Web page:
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Interview: Breaking Laces’ lead singer Willem Hartong

Hi all!

Occasionally I have an opportunity to chat online or over the phone with an entertainer to get some insights into their motivations and processes. This past week I was given a chance to ask Breaking Laces’ lead singer Willem Hartong a few questions. He kindly responded with a few answers!

Q1: First, let me congratulate you and the band on a great album. I really enjoyed When You Find Out. It’s obvious that there are some stories behind the relationship-oriented tracks on the album. Any you’d like to share?

[WH] I tend to strive for plausible and/or entertaining versions of the truth. So some stories might sound odd in relation to the actual song. Suffice it to say, relationships are tricky. I’ve been on all sides of them including being in a lasting loving relationship at the moment which prompted the song “Here to Stay”. That’s a nice feeling. It’s a bit better than having shoes thrown at you, which oddly enough has happened to me twice. Maybe that’s why I wrote “What We Need,” because sometimes it’s “time to leave.”

Q2: Who are your influences? I heard bits that reminded me of Snow Patrol, Better Than Ezra, Toad the Wet Sprocket, and others…

[WH] The two on the edges are bands I enjoy. Dulcinea is a terribly good record, especially outside of the radio singles. “Windmills” absolutely slays me, what a beautiful song. I really liked Snow Patrol’s first album but haven’t gotten to the second. As a band we enjoy Radiohead and Built to Spill a lot. A few other formative albums for me are It’s a Shame About Ray, Exile in Guyville, Blue Screen Life and Ruby Vroom. Collectively I’ve probably listened to those about a thousand times.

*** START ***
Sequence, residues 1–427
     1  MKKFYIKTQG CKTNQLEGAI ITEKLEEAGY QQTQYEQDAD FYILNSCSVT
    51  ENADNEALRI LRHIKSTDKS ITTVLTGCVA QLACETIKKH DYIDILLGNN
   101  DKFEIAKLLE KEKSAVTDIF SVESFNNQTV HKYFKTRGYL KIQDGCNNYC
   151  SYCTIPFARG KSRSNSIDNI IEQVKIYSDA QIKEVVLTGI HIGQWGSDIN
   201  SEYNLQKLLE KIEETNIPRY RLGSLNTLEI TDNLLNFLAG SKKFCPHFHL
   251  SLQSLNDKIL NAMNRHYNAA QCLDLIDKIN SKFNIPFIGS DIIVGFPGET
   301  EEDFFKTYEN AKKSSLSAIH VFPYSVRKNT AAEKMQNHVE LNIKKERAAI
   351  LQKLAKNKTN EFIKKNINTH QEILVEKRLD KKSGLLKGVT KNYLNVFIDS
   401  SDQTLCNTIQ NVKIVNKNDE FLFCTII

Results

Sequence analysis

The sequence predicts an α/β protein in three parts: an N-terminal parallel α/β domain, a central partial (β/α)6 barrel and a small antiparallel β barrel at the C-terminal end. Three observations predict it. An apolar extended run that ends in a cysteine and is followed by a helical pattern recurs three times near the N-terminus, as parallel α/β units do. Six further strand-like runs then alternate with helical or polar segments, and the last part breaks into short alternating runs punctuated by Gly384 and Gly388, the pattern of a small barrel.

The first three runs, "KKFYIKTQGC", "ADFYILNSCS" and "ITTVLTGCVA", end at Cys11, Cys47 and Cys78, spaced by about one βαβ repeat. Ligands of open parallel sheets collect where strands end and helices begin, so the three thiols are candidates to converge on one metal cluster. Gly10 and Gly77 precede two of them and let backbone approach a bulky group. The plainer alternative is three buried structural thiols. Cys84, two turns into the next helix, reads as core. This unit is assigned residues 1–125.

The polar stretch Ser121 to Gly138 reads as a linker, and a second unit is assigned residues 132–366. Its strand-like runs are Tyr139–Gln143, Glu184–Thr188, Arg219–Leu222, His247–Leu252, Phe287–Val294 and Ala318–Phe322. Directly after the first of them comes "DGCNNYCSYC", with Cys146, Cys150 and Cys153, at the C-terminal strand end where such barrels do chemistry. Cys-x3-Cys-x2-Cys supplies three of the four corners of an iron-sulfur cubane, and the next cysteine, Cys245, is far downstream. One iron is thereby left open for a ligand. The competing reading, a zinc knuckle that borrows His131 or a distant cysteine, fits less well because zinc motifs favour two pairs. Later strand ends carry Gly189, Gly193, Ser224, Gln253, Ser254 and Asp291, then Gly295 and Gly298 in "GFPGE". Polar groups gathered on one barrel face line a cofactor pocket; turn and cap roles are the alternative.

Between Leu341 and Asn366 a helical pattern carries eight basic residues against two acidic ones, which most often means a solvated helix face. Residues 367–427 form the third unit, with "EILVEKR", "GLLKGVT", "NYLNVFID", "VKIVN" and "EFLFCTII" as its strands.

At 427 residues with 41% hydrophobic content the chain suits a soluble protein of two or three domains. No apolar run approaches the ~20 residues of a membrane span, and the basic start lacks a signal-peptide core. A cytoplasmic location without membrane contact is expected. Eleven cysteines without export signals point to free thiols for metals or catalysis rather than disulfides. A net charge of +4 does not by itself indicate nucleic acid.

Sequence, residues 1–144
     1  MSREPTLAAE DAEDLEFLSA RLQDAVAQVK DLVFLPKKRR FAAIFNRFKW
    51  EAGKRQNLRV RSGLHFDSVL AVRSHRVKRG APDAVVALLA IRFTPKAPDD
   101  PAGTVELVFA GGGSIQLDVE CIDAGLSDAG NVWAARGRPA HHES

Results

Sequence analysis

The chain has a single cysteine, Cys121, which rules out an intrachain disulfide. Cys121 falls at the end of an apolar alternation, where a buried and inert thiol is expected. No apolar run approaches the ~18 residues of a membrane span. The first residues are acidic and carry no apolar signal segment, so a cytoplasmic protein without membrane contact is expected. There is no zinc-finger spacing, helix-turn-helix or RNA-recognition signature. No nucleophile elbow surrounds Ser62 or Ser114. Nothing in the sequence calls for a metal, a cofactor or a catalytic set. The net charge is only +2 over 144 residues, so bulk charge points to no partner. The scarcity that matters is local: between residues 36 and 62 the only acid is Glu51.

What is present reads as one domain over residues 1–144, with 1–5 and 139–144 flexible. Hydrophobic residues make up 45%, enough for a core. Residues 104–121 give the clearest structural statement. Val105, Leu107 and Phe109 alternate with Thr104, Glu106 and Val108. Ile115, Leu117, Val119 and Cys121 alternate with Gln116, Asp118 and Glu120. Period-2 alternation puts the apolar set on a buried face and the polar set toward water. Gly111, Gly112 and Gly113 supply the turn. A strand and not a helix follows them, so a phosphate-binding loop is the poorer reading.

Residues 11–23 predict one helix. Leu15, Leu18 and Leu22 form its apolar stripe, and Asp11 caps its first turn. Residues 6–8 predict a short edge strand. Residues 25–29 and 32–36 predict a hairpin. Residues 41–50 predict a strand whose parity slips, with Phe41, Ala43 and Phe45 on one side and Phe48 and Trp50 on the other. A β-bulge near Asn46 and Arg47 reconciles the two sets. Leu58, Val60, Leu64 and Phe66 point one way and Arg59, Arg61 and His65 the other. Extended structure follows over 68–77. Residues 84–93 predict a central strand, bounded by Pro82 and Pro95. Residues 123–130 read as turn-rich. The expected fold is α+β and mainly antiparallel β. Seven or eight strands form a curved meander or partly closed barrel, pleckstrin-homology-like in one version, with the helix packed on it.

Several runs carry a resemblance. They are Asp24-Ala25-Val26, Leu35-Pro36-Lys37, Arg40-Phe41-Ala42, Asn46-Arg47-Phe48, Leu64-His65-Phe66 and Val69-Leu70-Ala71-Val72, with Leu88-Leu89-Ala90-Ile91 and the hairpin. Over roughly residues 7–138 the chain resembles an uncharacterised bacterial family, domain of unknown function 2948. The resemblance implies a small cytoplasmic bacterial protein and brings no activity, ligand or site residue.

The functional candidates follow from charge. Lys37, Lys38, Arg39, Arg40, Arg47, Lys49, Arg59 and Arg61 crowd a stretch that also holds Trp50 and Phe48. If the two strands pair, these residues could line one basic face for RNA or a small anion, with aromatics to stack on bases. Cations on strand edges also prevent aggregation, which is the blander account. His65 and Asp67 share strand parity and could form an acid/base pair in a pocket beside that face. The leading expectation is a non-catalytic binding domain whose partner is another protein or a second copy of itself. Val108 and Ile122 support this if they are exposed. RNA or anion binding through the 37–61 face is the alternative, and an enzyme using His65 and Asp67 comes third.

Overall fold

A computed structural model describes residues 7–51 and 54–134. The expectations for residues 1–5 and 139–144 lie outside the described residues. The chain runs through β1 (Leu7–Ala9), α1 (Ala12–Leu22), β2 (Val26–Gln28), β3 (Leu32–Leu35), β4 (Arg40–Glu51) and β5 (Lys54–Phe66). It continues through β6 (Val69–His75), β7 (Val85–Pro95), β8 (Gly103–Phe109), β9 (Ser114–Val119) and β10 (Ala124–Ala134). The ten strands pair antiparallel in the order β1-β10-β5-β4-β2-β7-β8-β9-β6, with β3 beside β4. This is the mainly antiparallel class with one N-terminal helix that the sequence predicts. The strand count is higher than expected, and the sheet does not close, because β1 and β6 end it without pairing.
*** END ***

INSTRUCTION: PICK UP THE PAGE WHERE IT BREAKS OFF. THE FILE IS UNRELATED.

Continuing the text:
Q3: What’s your personal songwriting process like? Do you get the idea for the lyrics and music at the same time? Separately?

[WH] No matter how often I do it, I always feel like I’m starting from scatch as to how to go about writing a song. So the methods to the madness are many. I do write in a big sketch pad and I always write by hand. That way I can draw little pictures when I get stuck.

Q4: It’s obvious you, Rob, and Seth have a great rapport going… How collaborative is the process of creating the songs and then tweaking them for audiences and recording?

[WH] It used to be me bringing in a song or idea and we’d go at it together to shape it. Lately Rob and Seth have been there at the beginning which has yielded some great results. It’s largely due to our “New Music Days” which are long rehearsals when we do nothing but work on new material.

Q5: Where did you learn to play guitar? What are some of your favorite covers to play solo or with the band?

[WH] I picked up the guitar at 16 when our rhythmn guitarist quit “In the Attic” my high school band. I was just singing and not really in love with just singing. So i busted apples to get up to speed so I could sing and play with the band. That’s how it happened for me. I love to play Cat Steven’s songs solo. I also think Nirvana, Radiohead and Lemonheads songs are fun to go at alone. With the band I particularly enjoy covering Radiohead and Built to Spill songs as they are challenging and fun to try and get right.

Q6: If there was one thing you wanted to tell your fans that you haven’t been asked yet, what would it be?

[WH] Boxer briefs.

I want to thank Willem for taking the time to answer my questions and wish him and the band the best of luck with their tour. If you haven’t listened to When You Find Out, I’d encourage you to give it a go. Breaking Laces has a great sound and I hope they continue to put out new music to enjoy!

This article first appeared at BlogCritics.org here.

–Fitz